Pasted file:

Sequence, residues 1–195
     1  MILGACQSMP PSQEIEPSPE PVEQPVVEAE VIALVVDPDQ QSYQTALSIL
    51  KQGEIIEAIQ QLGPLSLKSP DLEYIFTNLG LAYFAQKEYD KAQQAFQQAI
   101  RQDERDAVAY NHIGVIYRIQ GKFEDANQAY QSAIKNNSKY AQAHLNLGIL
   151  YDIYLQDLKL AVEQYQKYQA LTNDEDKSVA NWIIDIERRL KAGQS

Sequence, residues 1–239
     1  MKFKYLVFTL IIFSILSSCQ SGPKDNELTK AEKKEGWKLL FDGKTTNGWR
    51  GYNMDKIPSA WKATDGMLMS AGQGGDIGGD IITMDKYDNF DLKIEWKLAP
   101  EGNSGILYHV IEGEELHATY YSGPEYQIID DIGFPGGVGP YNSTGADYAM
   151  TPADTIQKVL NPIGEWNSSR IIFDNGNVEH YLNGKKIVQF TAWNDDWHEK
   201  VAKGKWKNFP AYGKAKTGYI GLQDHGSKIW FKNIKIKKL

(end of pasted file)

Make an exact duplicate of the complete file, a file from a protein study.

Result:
Sequence, residues 1–195
     1  MILGACQSMP PSQEIEPSPE PVEQPVVEAE VIALVVDPDQ QSYQTALSIL
    51  KQGEIIEAIQ QLGPLSLKSP DLEYIFTNLG LAYFAQKEYD KAQQAFQQAI
   101  RQDERDAVAY NHIGVIYRIQ GKFEDANQAY QSAIKNNSKY AQAHLNLGIL
   151  YDIYLQDLKL AVEQYQKYQA LTNDEDKSVA NWIIDIERRL KAGQS

Sequence, residues 1–239
     1  MKFKYLVFTL IIFSILSSCQ SGPKDNELTK AEKKEGWKLL FDGKTTNGWR
    51  GYNMDKIPSA WKATDGMLMS AGQGGDIGGD IITMDKYDNF DLKIEWKLAP
   101  EGNSGILYHV IEGEELHATY YSGPEYQIID DIGFPGGVGP YNSTGADYAM
   151  TPADTIQKVL NPIGEWNSSR IIFDNGNVEH YLNGKKIVQF TAWNDDWHEK
   201  VAKGKWKNFP AYGKAKTGYI GLQDHGSKIW FKNIKIKKL